GriffithREVIEW Edition 40 Women & Power

The GriffithREVIEW reaches its 40th edition by embracing the much discussed, digested and mulled over topic - Women & Power.
GriffithREVIEW Edition 40 Women & Power

The GriffithREVIEW reaches its 40th edition by embracing the much discussed, digested and mulled over topic - Women & Power.

With an informative introduction from editor Julianne Schultz, this volume provides fresh perspectives, powerful writing and thought provoking essays.

A collection of writing entitled Women & Power begins as you might expect, with more than a brief foray into the power filled world of politics, and the ultimate woman and power relationship - that of Julia Gillard in her role as Australia’s first female Prime Minister. From here the writing delves into the microcosm of societies, spanning Australia, Japan and Indonesia. This powerful collection encompasses coming of age stories, family relationships and experiences - experiences that have shaped and moulded the women (and men) who are ushering forward the next generation armed with the wisdom that has gone before.

‘Liars, witches and trolls’ is an essay from award winning journalist Mary Delahunty. It makes powerful waves as she explodes into the vindictive vitriol waged against the Prime Minister, targeting not her polities, viewpoints or policies, but her gender. Delahunty unpicks the ‘corrosive, undermining’ aimed at the leader of a country that appears to simultaneously revel in and ‘sneer at’ having a woman in control, concluding with a line that will have you punching the air.

‘Madame Butterfly’s Revenge’, by journalist Masako Fukui, delves into the Asian-white male relationship. Whilst skimming, mercifully, over the surface of the much maligned ‘mail order brides’ scenario, Fukui ploughs deeper into the reasons behind the stereotyped image of Asian woman. Quoting a myriad of intriguing resources, she works hard to obliterate the ‘powerful-West versus submissive-East brand of prejudice’ in prose that questions and probes stereotypes.

Hazel Dooney’s delicately written ‘Broken’ gives voice, with a palpable sense of her relief, to a very personal coming of age story. Dooney recounts the grooming and manipulation she endured from an older teacher, with a critical reflection on the enduring rippling effects those nine months had on her life. Shouting out from the pages is her hard to fathom realisation that her experience is far from uncommon, yet these ‘morally corrosive, as well as manipulative and exploitative’ experiences are not talked about and shared, thus condemning the women affected to feeling ‘personally responsible and ashamed.’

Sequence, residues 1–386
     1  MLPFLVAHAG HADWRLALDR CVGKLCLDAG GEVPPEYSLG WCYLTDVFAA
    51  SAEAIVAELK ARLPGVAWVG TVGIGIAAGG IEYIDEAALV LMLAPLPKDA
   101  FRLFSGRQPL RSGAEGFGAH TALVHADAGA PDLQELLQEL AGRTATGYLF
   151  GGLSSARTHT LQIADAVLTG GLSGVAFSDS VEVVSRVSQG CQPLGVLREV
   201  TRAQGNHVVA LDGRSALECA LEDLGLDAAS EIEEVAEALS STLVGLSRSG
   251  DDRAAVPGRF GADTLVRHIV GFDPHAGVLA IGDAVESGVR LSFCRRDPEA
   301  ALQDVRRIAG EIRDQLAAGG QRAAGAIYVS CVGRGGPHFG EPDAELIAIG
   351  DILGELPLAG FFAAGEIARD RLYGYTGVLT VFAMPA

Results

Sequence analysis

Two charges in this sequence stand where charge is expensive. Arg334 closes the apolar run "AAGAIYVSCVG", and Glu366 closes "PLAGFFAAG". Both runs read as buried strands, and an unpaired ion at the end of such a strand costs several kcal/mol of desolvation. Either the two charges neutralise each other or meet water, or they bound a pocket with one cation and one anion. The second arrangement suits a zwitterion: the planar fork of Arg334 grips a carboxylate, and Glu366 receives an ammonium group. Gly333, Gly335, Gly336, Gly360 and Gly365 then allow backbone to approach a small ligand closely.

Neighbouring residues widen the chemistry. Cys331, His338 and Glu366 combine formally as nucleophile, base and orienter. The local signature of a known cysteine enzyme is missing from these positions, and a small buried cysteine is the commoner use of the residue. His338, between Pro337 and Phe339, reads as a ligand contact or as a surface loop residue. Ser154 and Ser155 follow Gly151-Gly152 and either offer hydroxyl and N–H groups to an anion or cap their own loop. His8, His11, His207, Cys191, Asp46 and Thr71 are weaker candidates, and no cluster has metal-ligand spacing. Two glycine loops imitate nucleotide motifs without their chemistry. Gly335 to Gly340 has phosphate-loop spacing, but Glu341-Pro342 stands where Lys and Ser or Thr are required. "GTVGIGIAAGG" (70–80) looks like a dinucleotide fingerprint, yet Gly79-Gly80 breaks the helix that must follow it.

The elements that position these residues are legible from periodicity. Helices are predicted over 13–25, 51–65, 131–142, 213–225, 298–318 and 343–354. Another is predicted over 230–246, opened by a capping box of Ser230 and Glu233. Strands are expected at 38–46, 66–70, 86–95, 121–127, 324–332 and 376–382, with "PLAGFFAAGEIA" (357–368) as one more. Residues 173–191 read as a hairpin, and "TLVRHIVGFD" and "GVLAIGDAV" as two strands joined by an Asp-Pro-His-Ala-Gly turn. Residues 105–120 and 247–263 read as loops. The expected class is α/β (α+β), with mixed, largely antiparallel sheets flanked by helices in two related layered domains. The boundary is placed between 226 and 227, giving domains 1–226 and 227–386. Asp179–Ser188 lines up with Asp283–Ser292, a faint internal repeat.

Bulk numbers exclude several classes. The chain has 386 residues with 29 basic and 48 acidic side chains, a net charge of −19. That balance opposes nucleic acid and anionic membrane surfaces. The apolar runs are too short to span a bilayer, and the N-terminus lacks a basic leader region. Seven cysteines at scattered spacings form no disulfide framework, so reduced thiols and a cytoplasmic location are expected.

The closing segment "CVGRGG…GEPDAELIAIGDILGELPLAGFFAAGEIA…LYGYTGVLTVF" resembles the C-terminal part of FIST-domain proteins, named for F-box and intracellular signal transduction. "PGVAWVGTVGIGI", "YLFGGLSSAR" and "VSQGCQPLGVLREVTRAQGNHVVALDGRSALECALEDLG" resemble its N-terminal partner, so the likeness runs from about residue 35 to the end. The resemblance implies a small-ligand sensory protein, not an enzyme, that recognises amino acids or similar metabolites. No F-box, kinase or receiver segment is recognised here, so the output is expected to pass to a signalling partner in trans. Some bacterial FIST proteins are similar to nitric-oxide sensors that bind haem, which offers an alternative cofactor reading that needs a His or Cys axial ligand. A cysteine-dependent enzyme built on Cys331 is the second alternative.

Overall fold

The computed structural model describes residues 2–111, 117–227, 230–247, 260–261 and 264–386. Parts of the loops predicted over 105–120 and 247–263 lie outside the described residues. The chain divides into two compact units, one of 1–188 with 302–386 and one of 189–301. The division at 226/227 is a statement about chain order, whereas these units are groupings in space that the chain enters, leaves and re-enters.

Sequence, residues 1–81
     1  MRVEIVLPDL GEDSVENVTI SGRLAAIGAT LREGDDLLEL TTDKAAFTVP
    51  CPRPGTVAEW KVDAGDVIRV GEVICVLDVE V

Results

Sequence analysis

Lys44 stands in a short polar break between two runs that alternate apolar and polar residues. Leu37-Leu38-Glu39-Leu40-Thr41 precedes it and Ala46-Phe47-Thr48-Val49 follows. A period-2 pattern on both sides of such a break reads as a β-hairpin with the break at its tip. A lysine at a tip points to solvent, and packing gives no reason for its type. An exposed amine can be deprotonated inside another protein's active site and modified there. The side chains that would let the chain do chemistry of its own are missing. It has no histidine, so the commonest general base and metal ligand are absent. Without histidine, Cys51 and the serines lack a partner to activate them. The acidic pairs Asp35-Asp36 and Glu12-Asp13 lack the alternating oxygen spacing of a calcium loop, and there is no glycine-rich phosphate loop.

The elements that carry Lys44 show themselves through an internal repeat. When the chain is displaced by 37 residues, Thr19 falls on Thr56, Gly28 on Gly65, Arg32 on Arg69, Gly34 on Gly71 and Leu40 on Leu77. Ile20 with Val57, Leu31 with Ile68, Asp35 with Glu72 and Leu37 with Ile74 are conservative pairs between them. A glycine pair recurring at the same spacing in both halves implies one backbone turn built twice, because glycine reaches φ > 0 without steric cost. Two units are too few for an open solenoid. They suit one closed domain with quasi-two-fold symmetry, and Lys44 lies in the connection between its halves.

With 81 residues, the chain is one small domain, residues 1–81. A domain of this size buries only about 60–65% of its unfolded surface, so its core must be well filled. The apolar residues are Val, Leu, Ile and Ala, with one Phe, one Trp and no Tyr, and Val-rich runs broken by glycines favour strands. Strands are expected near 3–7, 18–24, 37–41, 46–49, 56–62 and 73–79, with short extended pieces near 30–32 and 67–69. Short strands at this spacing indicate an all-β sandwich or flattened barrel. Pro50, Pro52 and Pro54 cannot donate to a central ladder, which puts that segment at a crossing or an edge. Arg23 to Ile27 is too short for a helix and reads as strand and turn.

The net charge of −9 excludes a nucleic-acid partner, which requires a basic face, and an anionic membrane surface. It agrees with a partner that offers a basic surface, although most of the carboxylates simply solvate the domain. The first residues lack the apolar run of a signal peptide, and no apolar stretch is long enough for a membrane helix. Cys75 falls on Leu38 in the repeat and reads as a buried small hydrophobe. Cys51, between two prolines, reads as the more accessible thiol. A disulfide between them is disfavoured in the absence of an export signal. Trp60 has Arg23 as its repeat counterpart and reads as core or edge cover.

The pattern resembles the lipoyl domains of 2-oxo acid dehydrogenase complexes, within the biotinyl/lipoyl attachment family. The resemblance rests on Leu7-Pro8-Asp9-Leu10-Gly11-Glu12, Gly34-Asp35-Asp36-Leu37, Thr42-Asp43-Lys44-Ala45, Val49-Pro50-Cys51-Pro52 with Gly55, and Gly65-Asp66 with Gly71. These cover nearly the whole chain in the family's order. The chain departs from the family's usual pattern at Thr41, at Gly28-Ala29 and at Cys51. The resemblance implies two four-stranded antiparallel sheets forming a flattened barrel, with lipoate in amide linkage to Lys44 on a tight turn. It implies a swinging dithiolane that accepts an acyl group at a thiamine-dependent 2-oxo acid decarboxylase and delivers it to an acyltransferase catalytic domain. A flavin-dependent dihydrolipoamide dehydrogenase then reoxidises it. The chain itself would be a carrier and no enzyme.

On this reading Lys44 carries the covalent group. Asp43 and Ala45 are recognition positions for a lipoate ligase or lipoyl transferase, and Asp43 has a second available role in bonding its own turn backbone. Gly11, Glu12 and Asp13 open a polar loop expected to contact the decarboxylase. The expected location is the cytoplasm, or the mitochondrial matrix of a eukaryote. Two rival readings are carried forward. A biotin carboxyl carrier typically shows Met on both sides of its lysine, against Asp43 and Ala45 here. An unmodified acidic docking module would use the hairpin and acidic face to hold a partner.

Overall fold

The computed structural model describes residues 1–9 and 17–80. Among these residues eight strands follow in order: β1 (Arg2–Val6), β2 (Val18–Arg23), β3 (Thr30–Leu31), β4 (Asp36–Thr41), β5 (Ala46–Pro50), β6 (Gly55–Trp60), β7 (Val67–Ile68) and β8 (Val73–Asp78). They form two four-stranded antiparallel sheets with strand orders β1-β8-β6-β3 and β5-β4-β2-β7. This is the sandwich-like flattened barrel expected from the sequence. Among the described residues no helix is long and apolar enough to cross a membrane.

Reports such as Adcock’s ‘Is it hard to surf with boobs?’ and Yassmin Abdel-Magied’s memoir ‘On the rigs’ shows women plunging headfirst into male dominated arenas with differing results. Abdel-Magied has realigned her thoughts on what it ‘means to be a strong woman’, whilst Adcock’s uncovers a world which offers a bleak future for female surfers.

Women & Power is punctuated by poetry from Mandy Beaumont. Contributors include Meera Atkinson, Helen Gildfind, Pat Hoffie, Mark Moran and Anne Summers.

In true GriffithREVIEW style this is a collection of powerful writing that crosses genres and delves into your thoughts. It’ll have you nodding, in both directions, and it’ll certainly get you thinking.

4 Stars


GriffithREVIEW Edition 40 Women & Power


Edited by Julianne Schultz

Paperback, 286pp

RRP $27.99

ISBN: 9781922079978

Text Publishing

Emma Perry

Monday 20 May, 2013

About the author

Emma Perry is a freelance writer, reviewer and founder of the popular My Book Corner, a children’s book review and price comparison website.